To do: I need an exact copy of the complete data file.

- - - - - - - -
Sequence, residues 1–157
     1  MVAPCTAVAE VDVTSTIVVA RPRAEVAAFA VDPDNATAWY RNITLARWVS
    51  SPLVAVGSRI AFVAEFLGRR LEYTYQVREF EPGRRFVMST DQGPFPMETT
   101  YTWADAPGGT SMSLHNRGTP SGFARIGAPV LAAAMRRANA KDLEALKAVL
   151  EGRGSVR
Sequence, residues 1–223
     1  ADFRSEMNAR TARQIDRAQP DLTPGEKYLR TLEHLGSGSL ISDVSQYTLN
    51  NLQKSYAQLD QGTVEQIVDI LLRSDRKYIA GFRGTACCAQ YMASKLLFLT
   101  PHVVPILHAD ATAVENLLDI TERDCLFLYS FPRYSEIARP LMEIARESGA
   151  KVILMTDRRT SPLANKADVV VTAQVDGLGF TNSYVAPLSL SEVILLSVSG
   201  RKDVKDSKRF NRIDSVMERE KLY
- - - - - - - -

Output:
Sequence, residues 1–157
     1  MVAPCTAVAE VDVTSTIVVA RPRAEVAAFA VDPDNATAWY RNITLARWVS
    51  SPLVAVGSRI AFVAEFLGRR LEYTYQVREF EPGRRFVMST DQGPFPMETT
   101  YTWADAPGGT SMSLHNRGTP SGFARIGAPV LAAAMRRANA KDLEALKAVL
   151  EGRGSVR
Sequence, residues 1–223
     1  ADFRSEMNAR TARQIDRAQP DLTPGEKYLR TLEHLGSGSL ISDVSQYTLN
    51  NLQKSYAQLD QGTVEQIVDI LLRSDRKYIA GFRGTACCAQ YMASKLLFLT
   101  PHVVPILHAD ATAVENLLDI TERDCLFLYS FPRYSEIARP LMEIARESGA
   151  KVILMTDRRT SPLANKADVV VTAQVDGLGF TNSYVAPLSL SEVILLSVSG
   201  RKDVKDSKRF NRIDSVMERE KLY